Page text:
On Friday, March 12, Andrew and I, his parents and Alex—taking advantage of my Spring Break—embarked for Greece.
The previous afternoon, the Big Ten Men’s Basketball Tournament got underway in Indianapolis.
We watched on television the first round game between Iowa and Michigan, a game Michigan easily won, 59-52. The game was not as close as the final score suggests, as Michigan enjoyed a sixteen-point lead with four minutes to play.
The Iowa point guard, freshman Cully Payne, played his heart out that day, scoring a career-high 25 points. Payne made every effort to carry his team to victory. His play was valiant.
In stark contrast, the rest of the Iowa squad on March 11 played very specifically in order to lose. It was patently apparent to anyone watching the game, in the arena or on television, that the Iowa players, Payne aside, had no intention of winning that game.
The most inexcusable performance on March 11 came from Iowa sophomore Matt Gatens (or “Max”, as Alec calls him). Gatens played a deliberately lame game—to say he mailed it in would be a vast understatement—and most observers believe that Gatens did so as a parting gift to Iowa coach Todd Lickliter, who was officially relieved of his duties as Iowa basketball coach the following Monday morning (but whose coming dismissal was widely known no later than the afternoon of Tuesday, March 9).
On the court and behind the scenes, Gatens had been undercutting Lickliter for months. Most persons in Iowa City were aware of the situation, and few were surprised at Gatens’s increasingly erratic play and behavior. Gatens’s poor, even dismaying, performance at the Big Ten Tournament, consequently, came as a shock to no one.
Happily for the basketball crowd in Indianapolis, Gatens did offer one particular pleasure on the afternoon of March 11: he played the part of a floozy chorine/cowgirl from the musical, “The Best Little Whorehouse In Texas”—and he played the part of the chorine/cowgirl supremely well.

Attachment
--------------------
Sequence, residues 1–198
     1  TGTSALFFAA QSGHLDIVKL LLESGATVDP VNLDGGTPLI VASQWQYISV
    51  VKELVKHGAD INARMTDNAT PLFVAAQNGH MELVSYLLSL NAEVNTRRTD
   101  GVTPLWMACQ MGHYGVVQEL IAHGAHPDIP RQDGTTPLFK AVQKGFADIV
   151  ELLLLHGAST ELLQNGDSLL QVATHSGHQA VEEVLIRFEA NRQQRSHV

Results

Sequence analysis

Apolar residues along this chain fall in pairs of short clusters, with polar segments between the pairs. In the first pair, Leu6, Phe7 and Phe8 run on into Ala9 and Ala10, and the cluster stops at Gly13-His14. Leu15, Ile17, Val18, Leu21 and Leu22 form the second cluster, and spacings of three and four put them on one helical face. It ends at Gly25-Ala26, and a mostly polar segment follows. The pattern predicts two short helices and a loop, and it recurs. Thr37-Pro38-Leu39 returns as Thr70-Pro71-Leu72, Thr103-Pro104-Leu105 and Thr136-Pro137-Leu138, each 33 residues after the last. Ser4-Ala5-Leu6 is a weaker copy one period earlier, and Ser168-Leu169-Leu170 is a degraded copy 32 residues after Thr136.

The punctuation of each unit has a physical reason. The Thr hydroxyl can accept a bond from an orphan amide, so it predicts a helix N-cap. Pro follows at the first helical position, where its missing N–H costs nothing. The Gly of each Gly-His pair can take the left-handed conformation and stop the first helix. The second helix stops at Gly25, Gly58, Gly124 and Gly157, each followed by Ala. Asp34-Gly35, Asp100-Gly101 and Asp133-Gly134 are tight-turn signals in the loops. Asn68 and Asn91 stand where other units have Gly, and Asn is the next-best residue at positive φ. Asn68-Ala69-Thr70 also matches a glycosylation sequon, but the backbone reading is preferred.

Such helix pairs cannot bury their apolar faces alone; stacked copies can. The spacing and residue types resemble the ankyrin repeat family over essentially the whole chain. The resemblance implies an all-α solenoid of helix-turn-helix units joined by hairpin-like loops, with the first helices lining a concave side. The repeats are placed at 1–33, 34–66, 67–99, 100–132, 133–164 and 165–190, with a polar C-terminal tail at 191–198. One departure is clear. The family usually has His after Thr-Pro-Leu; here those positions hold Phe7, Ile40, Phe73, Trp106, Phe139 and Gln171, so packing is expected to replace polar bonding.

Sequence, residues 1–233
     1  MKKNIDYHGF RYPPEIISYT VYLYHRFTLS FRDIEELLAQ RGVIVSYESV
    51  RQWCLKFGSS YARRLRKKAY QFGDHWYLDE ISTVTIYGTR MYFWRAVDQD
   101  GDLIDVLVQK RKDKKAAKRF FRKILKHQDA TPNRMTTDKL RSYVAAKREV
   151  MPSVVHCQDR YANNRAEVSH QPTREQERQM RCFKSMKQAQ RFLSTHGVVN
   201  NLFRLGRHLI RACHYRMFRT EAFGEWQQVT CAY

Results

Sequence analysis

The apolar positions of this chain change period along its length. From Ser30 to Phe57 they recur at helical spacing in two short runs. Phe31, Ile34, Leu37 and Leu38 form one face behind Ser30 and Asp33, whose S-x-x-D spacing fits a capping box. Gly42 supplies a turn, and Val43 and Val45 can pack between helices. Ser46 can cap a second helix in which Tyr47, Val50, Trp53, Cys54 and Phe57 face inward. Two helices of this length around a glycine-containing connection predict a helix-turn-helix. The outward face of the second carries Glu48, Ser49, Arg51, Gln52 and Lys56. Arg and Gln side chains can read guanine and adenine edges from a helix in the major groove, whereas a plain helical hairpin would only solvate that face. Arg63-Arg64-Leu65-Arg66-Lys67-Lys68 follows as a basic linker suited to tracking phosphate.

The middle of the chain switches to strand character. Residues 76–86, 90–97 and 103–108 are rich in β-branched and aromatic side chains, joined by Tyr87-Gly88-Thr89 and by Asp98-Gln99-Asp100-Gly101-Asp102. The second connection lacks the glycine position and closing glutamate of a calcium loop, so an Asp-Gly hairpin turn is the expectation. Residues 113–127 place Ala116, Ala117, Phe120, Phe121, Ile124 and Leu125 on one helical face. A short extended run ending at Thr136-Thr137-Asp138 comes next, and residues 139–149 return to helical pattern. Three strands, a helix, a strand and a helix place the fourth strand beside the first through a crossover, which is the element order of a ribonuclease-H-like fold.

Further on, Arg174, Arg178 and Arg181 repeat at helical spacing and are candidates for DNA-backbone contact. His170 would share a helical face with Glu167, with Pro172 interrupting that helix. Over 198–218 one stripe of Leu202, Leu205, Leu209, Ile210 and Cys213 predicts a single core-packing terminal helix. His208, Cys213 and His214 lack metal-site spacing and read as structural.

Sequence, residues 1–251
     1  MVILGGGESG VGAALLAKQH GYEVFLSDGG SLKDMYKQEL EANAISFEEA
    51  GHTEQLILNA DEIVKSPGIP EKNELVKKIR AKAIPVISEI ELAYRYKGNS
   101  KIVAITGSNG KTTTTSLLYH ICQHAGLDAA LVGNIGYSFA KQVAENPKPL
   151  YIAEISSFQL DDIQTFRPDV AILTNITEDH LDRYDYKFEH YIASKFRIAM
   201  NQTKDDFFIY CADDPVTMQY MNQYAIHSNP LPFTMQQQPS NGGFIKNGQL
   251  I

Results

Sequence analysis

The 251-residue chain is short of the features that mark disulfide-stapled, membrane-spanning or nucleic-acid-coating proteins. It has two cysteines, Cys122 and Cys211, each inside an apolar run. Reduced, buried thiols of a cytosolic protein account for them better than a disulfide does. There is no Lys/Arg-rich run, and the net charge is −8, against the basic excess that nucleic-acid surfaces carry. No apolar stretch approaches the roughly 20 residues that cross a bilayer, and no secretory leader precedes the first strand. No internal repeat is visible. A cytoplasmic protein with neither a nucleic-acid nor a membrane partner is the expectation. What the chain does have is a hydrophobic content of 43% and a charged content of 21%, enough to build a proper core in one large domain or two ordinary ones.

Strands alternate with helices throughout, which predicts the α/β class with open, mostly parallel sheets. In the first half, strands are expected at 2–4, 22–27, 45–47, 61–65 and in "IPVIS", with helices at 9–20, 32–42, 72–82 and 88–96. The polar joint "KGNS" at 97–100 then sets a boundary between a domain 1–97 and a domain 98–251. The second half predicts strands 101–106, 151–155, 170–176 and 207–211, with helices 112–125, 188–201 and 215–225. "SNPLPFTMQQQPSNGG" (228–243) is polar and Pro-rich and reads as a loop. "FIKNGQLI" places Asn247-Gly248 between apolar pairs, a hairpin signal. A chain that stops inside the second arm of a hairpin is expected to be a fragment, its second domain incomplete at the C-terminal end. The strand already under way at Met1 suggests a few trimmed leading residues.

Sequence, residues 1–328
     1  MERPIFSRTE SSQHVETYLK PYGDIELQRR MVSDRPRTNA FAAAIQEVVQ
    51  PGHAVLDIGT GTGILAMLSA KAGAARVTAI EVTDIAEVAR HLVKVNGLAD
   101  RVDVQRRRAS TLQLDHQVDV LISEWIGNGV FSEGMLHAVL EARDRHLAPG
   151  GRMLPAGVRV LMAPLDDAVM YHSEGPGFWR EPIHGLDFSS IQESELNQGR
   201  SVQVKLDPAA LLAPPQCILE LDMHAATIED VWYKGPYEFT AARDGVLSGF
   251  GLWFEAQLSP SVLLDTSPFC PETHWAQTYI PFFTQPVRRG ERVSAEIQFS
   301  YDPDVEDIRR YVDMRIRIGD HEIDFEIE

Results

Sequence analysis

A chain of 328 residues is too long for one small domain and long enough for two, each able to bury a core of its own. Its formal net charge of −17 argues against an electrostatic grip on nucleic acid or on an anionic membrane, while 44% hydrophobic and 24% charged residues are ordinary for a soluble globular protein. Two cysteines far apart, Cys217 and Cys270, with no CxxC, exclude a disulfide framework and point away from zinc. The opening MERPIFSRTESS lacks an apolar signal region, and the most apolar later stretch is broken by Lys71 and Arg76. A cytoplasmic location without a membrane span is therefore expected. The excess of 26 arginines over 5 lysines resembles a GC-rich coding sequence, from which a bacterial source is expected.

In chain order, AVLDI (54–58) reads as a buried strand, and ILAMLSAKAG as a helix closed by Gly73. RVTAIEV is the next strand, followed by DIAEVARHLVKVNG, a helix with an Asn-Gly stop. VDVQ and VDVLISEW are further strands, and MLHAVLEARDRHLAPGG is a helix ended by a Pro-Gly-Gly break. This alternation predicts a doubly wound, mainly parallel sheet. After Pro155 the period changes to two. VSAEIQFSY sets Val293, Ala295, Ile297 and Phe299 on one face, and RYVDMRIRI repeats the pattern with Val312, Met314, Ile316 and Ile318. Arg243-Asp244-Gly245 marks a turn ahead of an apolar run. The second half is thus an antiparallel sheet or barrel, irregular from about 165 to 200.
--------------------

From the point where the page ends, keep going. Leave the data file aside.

Of course, Gatens was assisted in his convincing portrayal by the Iowa basketball uniforms, the tops of which are modeled upon women’s volleyball uniforms and the bottoms of which are adapted from 1920’s bloomers.
The shoes, somehow suggestive of cowgirl boots, completed the eye-catching ensemble.
In the photo below, also from March 11, the cowgirl-boot nature of the shoes is even more apparent.
At a glance, the shoes indeed appear to be cowgirl boots—although, upon close examination, one may see that what appear to be cowgirl boots are in fact black shoes and black socks (at which point all sorts of Third Reich associations uncomfortably assert themselves).
The latter photo amply reveals Gatens’s shameful behavior that day: he is deliberately late in getting to the team huddle, his teammates waiting and his coach staring directly at him. Gatens’s body language demonstrates, in spades, the contempt he held both for his coach and for his teammates.
However, Gatens’s shoddy behavior is redeemed, at least in part, by his courage in cleaning out his ear in public in the presence of thousands of sports fans and before a national television audience.
Not everyone would have the bravery to do such a thing—even when playing the part of a floozy chorine/cowgirl.